Every element, every character detail, all came together in what felt like one of the most significant, passionate smooches I’ve seen in a comedy. Of course the cliffhanger kiss is a trope that’s existed since man fiddled with the antennas atop the set, but this felt earned. Though more of our supporting cast is always appreciated, the collection of minor contributions worked for me. Andy read archaic legislation with no pictures, April tried to deflect the accusations on ETHEL BEAVERS (totally worthy of the caps lock), Ron gladly volunteered to “silence” any and all witnesses (though he was unwilling to divulge his home address in order to shore up Leslie’s alibi) and Tom willingly testified to kissing Leslie on the impulse of a joke, though he equated he act to kissing his sister’s elderly aunt—clearly all contributed in their own special way.

Chris sobbing violently in Ben’s lap, touched by Ben’s selflessness in taking the brunt of the blame for covering up the relationship, was an utterly hilarious visual gag. Kidding aside, my immediate feelings were a variation of the same. An almost primal reaction, impossible to suppress. I was all smiles for hours after viewing, and I still am beaming as I plug away at these keys, delighted that I got to spend this time in Pawnee. Clearly the podunk town is flawed (comically so) and it houses an assortment of basket cases, but at it’s center, sitting in support of their fallen leader in the council chambers, we found the best that people can offer us: family, love and belonging.

What does Leslie’s two-week suspension mean for her political career? Even she isn’t worried about that, despite her newly official boyfriend’s concern. Ben doesn’t seem all too preoccupied with his unemployment status either. And that’s okay. Because they have each other, and we have them. No more games, just Leslie, Ben, Ron (my ironic hero), Chris and Pawnee, Indiana. “Parks and Rec” is truly bold TV for going all in and delivering the relationship payoff only nine episodes in, and has only opened up the potential for more shakeups and hilarity. For bringing the funny and adorable like gentlest of ass-whoopings, I hereby sentence the accused episode with an A.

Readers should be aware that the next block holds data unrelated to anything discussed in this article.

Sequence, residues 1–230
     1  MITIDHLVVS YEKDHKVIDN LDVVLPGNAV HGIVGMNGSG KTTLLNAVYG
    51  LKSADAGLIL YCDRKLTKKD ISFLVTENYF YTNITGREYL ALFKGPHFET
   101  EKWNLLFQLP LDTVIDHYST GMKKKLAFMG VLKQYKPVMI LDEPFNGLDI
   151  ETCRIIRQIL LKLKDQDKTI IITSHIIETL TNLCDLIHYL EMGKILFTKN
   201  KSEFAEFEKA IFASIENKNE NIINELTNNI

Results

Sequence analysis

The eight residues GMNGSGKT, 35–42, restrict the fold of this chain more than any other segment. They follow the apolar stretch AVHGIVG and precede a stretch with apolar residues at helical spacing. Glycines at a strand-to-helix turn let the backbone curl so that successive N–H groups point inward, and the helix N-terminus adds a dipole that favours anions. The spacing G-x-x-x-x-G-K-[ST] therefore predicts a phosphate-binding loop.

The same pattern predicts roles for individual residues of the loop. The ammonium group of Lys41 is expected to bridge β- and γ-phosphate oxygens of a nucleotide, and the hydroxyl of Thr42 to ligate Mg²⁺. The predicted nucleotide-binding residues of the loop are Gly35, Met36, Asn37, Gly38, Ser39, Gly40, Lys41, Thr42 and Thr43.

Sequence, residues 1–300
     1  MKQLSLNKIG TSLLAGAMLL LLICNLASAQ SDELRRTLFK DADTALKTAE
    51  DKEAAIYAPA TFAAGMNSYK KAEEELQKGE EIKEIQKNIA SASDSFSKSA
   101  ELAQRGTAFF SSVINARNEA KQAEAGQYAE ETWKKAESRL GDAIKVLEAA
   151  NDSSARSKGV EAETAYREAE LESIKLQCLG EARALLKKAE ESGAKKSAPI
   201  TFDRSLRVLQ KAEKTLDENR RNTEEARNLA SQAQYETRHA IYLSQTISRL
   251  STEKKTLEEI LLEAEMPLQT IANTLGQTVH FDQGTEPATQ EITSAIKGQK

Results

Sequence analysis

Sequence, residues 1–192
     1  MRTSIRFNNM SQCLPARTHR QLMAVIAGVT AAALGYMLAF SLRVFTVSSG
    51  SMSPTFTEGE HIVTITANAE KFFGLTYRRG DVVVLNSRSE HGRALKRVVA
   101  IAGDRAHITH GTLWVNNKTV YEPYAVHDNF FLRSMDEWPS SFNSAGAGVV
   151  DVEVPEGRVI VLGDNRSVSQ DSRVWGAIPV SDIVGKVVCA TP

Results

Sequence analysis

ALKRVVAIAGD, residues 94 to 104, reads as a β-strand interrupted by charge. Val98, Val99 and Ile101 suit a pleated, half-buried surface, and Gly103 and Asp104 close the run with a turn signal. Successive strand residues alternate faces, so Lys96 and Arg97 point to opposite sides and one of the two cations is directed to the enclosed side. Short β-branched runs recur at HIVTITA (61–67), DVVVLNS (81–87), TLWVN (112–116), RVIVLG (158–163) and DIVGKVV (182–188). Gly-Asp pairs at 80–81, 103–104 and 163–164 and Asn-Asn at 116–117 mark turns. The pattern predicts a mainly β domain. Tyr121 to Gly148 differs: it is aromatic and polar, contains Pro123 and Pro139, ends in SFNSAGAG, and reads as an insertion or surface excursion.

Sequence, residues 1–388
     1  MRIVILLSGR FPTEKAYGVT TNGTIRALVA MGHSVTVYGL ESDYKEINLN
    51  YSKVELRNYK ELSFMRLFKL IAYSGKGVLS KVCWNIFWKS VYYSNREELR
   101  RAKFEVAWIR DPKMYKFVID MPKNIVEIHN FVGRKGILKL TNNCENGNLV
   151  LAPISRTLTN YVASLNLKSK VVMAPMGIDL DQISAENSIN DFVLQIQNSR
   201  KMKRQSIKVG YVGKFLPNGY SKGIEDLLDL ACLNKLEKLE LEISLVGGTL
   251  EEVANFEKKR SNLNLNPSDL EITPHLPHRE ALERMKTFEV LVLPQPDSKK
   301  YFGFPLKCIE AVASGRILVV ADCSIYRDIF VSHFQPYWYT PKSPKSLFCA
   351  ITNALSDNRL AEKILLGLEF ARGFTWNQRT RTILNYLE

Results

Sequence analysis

L.O.L.Ls (Laugh Out Loud Lines):

“You kidding? Bribing a public official to cover up a sex-capade? I like you even more!”

“Anne, text me every thirty seconds to tell me everything is gonna be okay…THANKS ANNE!”

“…You end up a frozen whore! I’m fighting.”

“Any women caught laughing is a witch.” “It’s true.”

“We got the gramps! I mean grants! Damn, it was going to be such a great moment.”

(sniffs audibly) “She’s here. Tammy 2. I can smell the sulfur from her cloven hooves.”

In response to learning Jerry’s real name is Garry. “God, they’re both horrible…I can’t get over this Jerry/Garry thing!”

Ben, while consoling Chris, “Let it out, I guess?”

Not a line, but another cute couple moment: Ben giving Leslie a Lil’ Sebastian horsey doll (CALLBACK!) and telling her he would be right behind that wall…where a portrait of a hideous monster-looking lawyer is hung. Leslie later informs us he is Marcus Everett “Stoneface” Langley. His nickname came from his steely demeanor in the courtroom. Also because when he got trapped in a rock quarry and his face was blown off by dynamite. Only LesBen, only LesBen. LesBen is officially trademarked by Christopher Peck and Blast Magazine…or I’m saying it is before the dwellers of the interwebs steal it!

About The Author

Christopher Peck is a former Blast television editor